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Understanding the Native American Culture for Nursing


Importance of Cultural Competence

Nurses need to understand the attitudes, traditions and values of the group in their service area. Cultural beliefs can impact the patients healthcare choices. When you are aware of how culture can influence behavior and thinking you will be able to provide the best care to your patients. It is also important to be aware of your own stereotypes and attitudes towards different cultures in order to avoid them.


The Native American Culture

Beliefs and Values

  • Respect the unique individual differences among people.
  • Quietness or silence is valued and is a form of etiquette.
  • The virtue of patience is based on the belief that all things unfold in time.

    • Time should be given to make decisions.
  • Only that which is actually needed is accumulated through work.

    • Work must be shown to have an immediate and authentic purpose.
  • As a value, attitude, and behavior, mutualism permeates everything in the traditional social fabric.

    • Mutualism promotes a sense of belonging and solidarity with group members cooperating to gain group security and consensus.
  • Prefer listening rather than speaking. Talk, just as work, must have a purpose.
  • Storytelling, oratory, and experiential and observational learning are all highly developed.
  • Time is relatively flexible and generally not structured into compartments as it is in modern society

    • Things happen when they are ready to happen.
  • Present needs and desires tend to take precedence over vague future rewards.
  • Tend to be practical minded. Many have less difficulty comprehending educational materials and approaches that are concrete or experiential rather than abstract and theoretical.
  • Religious thought and action are integrated into every aspect of the socio-cultural fabric.
  • Spirituality is considered a natural component of everything.
  • Some Native American communities believe that the body must be whole in order to “cross over” into the next world, and some believe that body products could be used to cause the individual or his family harm if they are used in casting spells.


    To meet the expectations of the Native Americans, health care workers need to understand and integrate into treatment and procedures the beliefs of the patients’ tribes. They do not expect for the nurse to be able to perform the rituals and traditional methods of healing, but they do expect respect for their beliefs and a balance to be achieved between the two cultures in treatment.

    How Health Care May Differ for Native Americans

  • Need to give plenty of time to obtain informed consent.
  • May request removed body tissues to be returned to them including hair, nail clippings, tonsils, organs surgically removed, and amputated limbs or digits.
  • Sharing of medicines is common within clan groups and extended families.
  • Overt expression of pain (verbal or non-verbal) is unacceptable in many cultures today.

    • Native Americans are generally under-treated for chronic and acute pain.
  • A request for assistance may not be repeated, or may be told to a family member who will relay the request.
  • Potential barriers in acceptability of medical services include cultural differences in concepts of modesty and propriety; lack of respect; long clinic waits; and, staff turnover.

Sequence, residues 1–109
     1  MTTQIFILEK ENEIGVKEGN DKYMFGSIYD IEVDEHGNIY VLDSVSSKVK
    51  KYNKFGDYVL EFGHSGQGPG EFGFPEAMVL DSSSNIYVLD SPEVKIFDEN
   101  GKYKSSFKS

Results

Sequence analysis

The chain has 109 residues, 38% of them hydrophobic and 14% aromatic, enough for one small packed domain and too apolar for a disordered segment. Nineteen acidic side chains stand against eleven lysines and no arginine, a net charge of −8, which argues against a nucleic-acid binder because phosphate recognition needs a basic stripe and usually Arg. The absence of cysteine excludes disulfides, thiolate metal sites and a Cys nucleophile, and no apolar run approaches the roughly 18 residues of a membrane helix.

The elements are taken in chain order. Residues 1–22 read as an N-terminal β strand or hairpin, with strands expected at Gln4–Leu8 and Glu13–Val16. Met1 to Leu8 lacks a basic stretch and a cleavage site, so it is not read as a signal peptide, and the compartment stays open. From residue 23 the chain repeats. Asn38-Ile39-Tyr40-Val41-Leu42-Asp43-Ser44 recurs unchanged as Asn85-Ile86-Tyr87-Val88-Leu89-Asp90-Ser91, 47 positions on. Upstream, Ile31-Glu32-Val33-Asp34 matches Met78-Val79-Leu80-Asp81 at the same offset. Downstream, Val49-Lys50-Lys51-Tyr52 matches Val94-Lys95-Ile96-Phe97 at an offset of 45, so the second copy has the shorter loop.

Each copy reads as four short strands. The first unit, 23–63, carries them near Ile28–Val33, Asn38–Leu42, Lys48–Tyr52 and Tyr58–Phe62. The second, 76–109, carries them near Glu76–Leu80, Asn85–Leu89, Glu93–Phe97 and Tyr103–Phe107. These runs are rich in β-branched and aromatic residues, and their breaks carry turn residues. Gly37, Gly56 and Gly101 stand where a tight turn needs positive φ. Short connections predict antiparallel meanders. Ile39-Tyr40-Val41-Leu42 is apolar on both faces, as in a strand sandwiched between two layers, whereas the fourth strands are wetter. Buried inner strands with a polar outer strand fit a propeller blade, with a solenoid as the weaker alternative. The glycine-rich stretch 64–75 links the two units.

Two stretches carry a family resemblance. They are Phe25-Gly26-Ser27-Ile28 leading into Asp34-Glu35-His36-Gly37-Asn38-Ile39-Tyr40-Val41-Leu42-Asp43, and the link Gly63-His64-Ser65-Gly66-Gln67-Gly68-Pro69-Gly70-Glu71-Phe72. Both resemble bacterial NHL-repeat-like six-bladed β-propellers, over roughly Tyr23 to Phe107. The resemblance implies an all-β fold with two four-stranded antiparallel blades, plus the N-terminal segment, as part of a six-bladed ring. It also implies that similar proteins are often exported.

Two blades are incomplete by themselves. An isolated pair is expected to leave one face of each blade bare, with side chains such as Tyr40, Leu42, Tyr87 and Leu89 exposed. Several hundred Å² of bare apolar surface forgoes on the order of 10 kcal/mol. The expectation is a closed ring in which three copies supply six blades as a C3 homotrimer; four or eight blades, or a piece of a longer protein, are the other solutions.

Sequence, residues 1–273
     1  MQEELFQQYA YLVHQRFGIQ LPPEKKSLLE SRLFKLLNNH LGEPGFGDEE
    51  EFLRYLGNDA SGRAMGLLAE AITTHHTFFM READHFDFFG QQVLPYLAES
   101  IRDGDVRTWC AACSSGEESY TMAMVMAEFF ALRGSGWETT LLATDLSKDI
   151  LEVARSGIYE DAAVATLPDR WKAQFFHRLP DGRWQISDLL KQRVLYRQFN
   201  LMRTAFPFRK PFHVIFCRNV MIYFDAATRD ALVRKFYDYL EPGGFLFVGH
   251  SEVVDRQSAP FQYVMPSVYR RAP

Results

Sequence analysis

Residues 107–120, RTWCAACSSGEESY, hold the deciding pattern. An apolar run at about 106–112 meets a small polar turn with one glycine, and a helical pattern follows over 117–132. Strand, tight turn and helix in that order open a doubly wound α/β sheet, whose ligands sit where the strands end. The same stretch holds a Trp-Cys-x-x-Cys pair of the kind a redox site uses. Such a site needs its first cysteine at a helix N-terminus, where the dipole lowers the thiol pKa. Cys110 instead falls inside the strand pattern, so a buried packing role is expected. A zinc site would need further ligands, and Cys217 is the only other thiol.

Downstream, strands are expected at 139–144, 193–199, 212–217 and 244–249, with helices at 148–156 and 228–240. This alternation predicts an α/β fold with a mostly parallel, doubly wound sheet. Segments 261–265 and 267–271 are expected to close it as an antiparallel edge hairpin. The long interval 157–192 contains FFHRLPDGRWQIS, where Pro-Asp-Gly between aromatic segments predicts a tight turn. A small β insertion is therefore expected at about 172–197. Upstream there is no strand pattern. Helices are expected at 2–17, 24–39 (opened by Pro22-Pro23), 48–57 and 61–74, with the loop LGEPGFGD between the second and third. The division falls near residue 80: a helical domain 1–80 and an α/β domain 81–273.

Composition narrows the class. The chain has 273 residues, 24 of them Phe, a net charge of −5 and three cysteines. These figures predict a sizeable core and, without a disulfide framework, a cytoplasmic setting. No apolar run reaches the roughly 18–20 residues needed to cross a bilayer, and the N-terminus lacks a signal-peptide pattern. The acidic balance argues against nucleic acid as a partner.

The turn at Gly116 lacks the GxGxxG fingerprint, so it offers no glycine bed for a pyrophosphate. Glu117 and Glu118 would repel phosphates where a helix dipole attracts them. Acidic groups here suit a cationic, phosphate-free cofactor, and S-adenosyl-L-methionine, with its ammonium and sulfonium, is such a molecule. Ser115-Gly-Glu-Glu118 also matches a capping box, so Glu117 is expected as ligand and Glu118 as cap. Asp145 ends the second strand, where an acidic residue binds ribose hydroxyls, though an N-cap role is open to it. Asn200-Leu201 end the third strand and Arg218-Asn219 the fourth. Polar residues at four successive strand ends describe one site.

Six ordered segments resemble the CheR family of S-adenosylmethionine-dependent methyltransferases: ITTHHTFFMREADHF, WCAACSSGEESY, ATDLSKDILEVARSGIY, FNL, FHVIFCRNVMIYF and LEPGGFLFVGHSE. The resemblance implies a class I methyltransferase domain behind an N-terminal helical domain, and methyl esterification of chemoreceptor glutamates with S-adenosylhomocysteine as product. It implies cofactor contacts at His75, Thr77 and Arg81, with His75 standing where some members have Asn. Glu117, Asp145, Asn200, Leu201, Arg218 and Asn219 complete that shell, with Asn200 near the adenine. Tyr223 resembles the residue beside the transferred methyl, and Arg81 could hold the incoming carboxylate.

• Many elders will not apply for Medicaid benefits for which they are eligible as a matter of pride, or because it is believed that medical care was assured by treaty, or because the system is too complicated.
  • May have a “fatalistic attitude” toward health also making care seem less acceptable.

    Ways to individualize and optimize health care for Native Americans

    Health care providers must be attentive to cultural and social norms of this group in order to provide the best possible care. An understanding and willingness to accept the differences in culture on the part of the health care provider will improve care. Common sense and flexibility in dealing with other cultural groups is of great importance.


  • Direct eye contact may be avoided out of respect and concern for “soul loss”
  • Long pauses generally indicate careful consideration. Do not rush the patient
  • Loudness can be associated with aggressiveness and should be avoided
  • Some patients in this group may be unwilling to sign documents, consent forms, etc. due to a history of misused documents
  • Native Americans can be oriented to activities, rather than the clock. They may run late.

Family/Gender Issues

  • Extended family is important. Be sure to include the entire family.
  • Decision-making varies. Usually the patient will make their own decisions, but sometimes a woman and/or brothers will make important decisions.

Expressions of pain

  • Stoicism is highly valued and patients may not express pain. Patient reports of pain may be understated. Offer pain medication when appropriate, even if the patient does not appear to be in pain.

Pregnancy and Birth

  • The mother may request a female relative as a birth attendant
  • Mother and infant may stay inside and rest 20 days post partum, or until the umbilical cord falls off. They may want to save the umbilical cord for spiritual reasons.
  • Stoicism is sometimes expected during labor and delivery


  • Patients may use traditional healers. Allow them to perform rituals. Do not casually touch or inspect ritual items.
  • Medicine bags should be handled carefully and only when necessary.
  • Food that is blessed may be considered devoid of harm. Use common sense when determining diets.

Death and End of Life Issues

  • Native Americans may avoid talking about terminal prognosis and DNR issues, as this is believed to hasten death.

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